The air package included 10 F-4 Phantom jets, six helicopters (one HH-3E Jolly Green Giant and five HH-53 Super Jolly Green Giants), five A-1E Skyraiders fighter/bombers, two MC-130 Combat Talons, and two HC-130 Hercules cargo planes. This armada of aircraft had to fly 687 miles undetected. It was a formidable challenge, to say the least.

During training, the task force had conducted 170 ground rehearsals and 268 air sorties, all at night.


Emotions among the commandos ranged from disbelief to jubilance when they received word of their mission.

“When we found out about the target, I thought, ‘you have to be shitting me.’ We are going into the heart of the bad guys and have a 50/50 chance of not making it back,” Buckler told Sandboxx News.

And yet, a deadly determination vibrated throughout the task force—they were finally doing something for those poor buggers suffering in enemy hands. Simons gave the cue during the final brief in Thailand.

“You are to let nothing—nothing—interfere with the operation,” he told the men.

“Our mission is to rescue prisoners, not to take prisoners,” Simons went on, making it clear that no quarter was to be given or accepted.

In case they encountered fierce resistance or were comprised, the American commandos were to rally at a nearby river and await extraction… or make a last stand.

On the early night hours of November 20, the task force left the launching site in Laos and headed toward the Son Tay Prison.

The cavalry was coming.

The most successful failure

The careful planning of the insertion route caught the North Vietnamese completely unawares, and the specially-chosen team of operators achieved complete surprise.

However, not everything went according to plan. Greenleaf landed on a secondary objective by mistake some 500 yards away from the prison compound, and the 22 commandos of the security element had to fight it out with approximately 200 Chinese troops. Surprise and firepower were with the Americans, however, and they quickly neutralized the threat to the mission, with Simons himself killing a Chinese soldier with his personal revolver.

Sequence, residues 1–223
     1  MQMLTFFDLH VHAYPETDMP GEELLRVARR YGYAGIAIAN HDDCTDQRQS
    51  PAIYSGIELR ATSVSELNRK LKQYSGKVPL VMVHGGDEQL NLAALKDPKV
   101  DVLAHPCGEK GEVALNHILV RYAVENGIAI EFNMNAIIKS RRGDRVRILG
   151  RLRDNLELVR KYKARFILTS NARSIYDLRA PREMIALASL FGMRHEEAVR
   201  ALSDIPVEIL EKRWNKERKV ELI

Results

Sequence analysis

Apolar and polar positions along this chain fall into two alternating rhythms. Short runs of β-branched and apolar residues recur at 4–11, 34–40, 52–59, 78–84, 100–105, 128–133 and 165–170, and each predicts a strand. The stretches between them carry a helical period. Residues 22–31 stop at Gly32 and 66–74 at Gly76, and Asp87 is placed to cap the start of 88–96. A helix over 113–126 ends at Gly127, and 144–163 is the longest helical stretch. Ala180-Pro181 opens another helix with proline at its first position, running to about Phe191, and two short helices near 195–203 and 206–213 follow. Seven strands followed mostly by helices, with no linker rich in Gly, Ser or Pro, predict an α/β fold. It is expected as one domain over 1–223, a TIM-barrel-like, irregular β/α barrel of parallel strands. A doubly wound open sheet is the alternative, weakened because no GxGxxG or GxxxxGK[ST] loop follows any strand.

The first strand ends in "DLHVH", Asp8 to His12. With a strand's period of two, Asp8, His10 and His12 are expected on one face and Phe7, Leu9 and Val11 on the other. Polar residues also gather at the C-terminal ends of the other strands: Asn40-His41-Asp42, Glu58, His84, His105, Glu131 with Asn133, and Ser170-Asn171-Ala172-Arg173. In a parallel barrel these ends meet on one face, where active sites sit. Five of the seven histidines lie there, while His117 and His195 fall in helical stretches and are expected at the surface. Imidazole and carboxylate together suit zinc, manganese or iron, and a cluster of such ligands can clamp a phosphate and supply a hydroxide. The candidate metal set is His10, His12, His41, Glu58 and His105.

Meanwhile, the Blueboy element stormed the prison, reached the cells… but found no prisoners. A dry hole.


The Raiders quickly established that the Son Tay Prison didn’t hold any American prisoner of wars anymore, and they trooped back to the awaiting helicopters for the long ride back to safety.

It had only taken them 28 minutes.

A Bitter Aftertaste

Contradictory feelings ran through the task force. The American commandos had accomplished the unthinkable: they had assaulted a heavily fortified prison camp right next to the North Vietnamese capital and had accomplished all of their objectives, but had found no prisoners. It was as if some cruel twist of fate had stolen their bite from within their mouth.

But not all was in vain. By proving that the U.S. was willing to go to any lengths to rescue its own, they forced North Vietnam to treat American prisoners of war better. Following the raid, the North Vietnamese consolidated all American prisoners of war into two prison facilities in downtown Hanoi. Putting them together did wonders for the morale and mental health of the Americans as thus far most had been on solitary confinement. And word of the raid spread.

“We were absolutely elated when we learned of the raid,” said Major R.E. Smith, an Air Force pilot and former prisoner of war. “It was the single most significant event in terms of POW life that happened in North Vietnam. It brought us together. It allowed us to be better organized. It reinforced the belief that the U.S. would go to any length to see that we were returned.”

Smith’s F-105 fighter jet had been shot down, forcing him to spend time in Son Tay prison before the raid. He was repatriated in 1973.


“After training for three months and to hit a dry hole, we were all very disappointed. However, after meeting the POWs years later, we learned that the raid was a great success for the treatment of the POWs,” Buckler told Sandboxx News.           

All the Son Tay Raiders were awarded the Silver Star, the nation’s third-highest award for valor under fire, for the determination to go above and beyond the normal call of duty to save their compatriots.

Simons went on national television and debriefed the American press about the operation. Later, he was immortalized by a statue at the John F. Kennedy Special Warfare Center and School in Fort Bragg, the home of Army special operations. Etched on the side are Simons’ words that describe the man’s values and determination like no biographer could.